South Mountain Creamery in MIddletown, MD is one of 4P Foods local partner farmers. (Photo: 4P Foods)
“The trouble is,” he says, “you can conserve all the land, but you also need to find the investment capital to make the regional agricultural industry successful. The Piedmont is very productive and efficient for pasturing cattle, but we need investments in the regional food chain for that comparative advantage to remain with the producers. If cattle can be distributed locally and regionally, farmers benefit. Eighty percent of area cattle are going for commodity markets, essentially for export from the region, and it’s hard to compete with more exploitative systems and subsidies in South America. Beef sold at auction at $1.00 per pound for a live animal returns dramatically less than the retail price of $5.00-12.00 per pound for local, grass-fed hamburger. Even wholesale prices for local and regional distribution can increase the value significantly, if the systems were in place.”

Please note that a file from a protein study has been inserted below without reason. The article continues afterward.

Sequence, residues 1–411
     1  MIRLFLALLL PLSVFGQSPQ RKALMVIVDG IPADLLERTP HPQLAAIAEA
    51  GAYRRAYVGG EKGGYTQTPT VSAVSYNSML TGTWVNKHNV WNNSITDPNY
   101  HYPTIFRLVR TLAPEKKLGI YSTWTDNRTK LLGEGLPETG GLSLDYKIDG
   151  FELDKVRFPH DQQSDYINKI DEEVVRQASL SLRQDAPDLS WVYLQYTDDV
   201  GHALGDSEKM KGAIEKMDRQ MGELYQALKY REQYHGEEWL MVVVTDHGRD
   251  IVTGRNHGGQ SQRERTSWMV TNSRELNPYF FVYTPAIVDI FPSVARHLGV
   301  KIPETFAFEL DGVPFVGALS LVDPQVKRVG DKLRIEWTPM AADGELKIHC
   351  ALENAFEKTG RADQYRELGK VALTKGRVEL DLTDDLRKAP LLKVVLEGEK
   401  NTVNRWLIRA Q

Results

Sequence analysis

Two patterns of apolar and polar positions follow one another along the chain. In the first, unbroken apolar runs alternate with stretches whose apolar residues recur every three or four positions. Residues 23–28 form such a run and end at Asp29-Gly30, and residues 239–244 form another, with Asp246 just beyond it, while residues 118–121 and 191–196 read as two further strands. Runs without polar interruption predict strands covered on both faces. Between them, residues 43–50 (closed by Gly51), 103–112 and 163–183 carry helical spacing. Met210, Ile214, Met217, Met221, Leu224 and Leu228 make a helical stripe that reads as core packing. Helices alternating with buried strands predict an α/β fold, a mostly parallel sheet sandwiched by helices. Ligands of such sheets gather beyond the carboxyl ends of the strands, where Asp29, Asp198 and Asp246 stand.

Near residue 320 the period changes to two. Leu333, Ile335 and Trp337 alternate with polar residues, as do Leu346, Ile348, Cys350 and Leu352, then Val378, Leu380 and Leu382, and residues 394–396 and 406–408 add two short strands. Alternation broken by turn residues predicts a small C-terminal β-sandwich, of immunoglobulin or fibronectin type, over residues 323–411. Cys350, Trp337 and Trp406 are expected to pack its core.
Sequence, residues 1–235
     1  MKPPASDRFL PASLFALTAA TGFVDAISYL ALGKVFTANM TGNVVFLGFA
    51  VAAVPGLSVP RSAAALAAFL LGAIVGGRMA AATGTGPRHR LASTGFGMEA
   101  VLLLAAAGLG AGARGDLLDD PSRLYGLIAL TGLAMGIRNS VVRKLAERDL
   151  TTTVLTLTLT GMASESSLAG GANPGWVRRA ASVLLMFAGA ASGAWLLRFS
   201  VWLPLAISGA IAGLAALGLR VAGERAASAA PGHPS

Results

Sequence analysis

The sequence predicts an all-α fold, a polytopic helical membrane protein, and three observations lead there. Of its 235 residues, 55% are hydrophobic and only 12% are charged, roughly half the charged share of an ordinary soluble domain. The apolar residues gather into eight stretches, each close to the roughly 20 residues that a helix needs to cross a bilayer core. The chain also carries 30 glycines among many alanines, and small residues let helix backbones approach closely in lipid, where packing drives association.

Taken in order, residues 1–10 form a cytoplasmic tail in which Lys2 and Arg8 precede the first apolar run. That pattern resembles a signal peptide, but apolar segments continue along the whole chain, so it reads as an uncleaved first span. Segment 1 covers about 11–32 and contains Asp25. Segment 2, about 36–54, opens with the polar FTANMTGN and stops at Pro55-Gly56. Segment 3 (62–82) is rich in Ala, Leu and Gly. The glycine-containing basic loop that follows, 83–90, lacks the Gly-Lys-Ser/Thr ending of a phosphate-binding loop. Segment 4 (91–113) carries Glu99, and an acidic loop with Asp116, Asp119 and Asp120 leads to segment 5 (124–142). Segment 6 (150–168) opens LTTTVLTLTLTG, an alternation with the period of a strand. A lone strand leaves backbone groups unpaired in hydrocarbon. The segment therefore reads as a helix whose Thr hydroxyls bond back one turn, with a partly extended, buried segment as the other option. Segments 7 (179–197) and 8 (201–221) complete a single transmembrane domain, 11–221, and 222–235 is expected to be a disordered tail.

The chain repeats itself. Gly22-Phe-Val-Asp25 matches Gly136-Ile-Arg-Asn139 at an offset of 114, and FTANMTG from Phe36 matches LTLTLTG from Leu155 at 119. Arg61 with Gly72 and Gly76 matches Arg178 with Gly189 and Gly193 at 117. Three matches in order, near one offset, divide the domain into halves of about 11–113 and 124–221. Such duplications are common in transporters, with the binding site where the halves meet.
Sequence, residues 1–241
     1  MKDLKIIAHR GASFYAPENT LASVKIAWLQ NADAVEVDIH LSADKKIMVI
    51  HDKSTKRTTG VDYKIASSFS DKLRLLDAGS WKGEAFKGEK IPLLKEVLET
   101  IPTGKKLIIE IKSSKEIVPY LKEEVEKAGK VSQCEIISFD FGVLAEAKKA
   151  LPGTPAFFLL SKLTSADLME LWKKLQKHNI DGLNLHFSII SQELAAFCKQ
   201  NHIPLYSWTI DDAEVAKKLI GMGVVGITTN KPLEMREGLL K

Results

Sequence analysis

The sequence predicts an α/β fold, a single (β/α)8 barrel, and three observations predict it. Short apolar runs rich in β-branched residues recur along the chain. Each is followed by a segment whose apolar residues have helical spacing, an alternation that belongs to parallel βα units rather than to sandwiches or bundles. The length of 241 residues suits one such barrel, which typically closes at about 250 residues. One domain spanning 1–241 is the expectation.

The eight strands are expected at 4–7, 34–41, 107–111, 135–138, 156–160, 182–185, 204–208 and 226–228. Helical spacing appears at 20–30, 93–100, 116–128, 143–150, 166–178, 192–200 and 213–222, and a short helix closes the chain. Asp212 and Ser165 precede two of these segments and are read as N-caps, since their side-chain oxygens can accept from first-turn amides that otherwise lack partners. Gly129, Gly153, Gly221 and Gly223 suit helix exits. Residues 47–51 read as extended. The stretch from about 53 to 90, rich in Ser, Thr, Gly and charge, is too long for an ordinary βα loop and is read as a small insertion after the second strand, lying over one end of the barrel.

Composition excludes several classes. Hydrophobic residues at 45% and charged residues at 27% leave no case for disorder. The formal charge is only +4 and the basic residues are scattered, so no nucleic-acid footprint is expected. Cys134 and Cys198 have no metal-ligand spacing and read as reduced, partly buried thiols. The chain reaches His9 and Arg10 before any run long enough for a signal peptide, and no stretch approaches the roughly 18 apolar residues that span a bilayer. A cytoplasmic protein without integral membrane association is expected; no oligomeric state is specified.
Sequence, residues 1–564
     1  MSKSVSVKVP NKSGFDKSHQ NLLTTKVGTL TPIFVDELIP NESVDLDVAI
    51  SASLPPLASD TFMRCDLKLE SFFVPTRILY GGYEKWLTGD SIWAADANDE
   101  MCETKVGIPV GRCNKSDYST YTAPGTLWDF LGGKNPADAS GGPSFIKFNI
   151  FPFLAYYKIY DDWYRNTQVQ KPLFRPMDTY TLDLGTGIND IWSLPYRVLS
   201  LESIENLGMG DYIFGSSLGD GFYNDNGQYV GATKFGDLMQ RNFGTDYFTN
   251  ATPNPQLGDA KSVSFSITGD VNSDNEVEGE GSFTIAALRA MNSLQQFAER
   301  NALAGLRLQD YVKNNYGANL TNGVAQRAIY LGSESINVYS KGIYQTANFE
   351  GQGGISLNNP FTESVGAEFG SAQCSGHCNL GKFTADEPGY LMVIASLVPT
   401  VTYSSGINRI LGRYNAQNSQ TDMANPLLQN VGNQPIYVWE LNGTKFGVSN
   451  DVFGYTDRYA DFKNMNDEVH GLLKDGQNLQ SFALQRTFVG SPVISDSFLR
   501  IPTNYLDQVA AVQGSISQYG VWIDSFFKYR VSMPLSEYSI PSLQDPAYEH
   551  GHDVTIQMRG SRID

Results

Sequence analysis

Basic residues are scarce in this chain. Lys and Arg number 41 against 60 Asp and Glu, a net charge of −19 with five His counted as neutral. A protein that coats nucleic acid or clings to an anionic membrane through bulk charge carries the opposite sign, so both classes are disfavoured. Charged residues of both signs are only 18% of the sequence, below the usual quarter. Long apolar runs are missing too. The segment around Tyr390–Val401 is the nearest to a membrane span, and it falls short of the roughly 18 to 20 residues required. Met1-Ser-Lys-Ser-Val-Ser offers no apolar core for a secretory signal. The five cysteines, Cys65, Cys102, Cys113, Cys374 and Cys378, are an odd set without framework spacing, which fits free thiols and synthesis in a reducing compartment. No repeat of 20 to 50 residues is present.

Piedmont agriculture in Fauquier County, Virginia. (Photo: CBP)
Buy Fresh Buy Local Coordinator Matt Coyle drops off local milk at Fauquier Community Food Bank. (Photo: Marco Sanchez/PEC)
During the pandemic, PEC, has raised funds for emergency actions to help with some distribution problems. A substantial portion of local dairy sales (30-40 percent) normally go to area schools. The closures were a huge hit to farmers. PEC began buying milk from local dairy farms and donating 1,500 gallons a week to food banks. They are trying to replicate this with local beef, but the processing challenges are much tougher. For now, these are just charitable pilot efforts.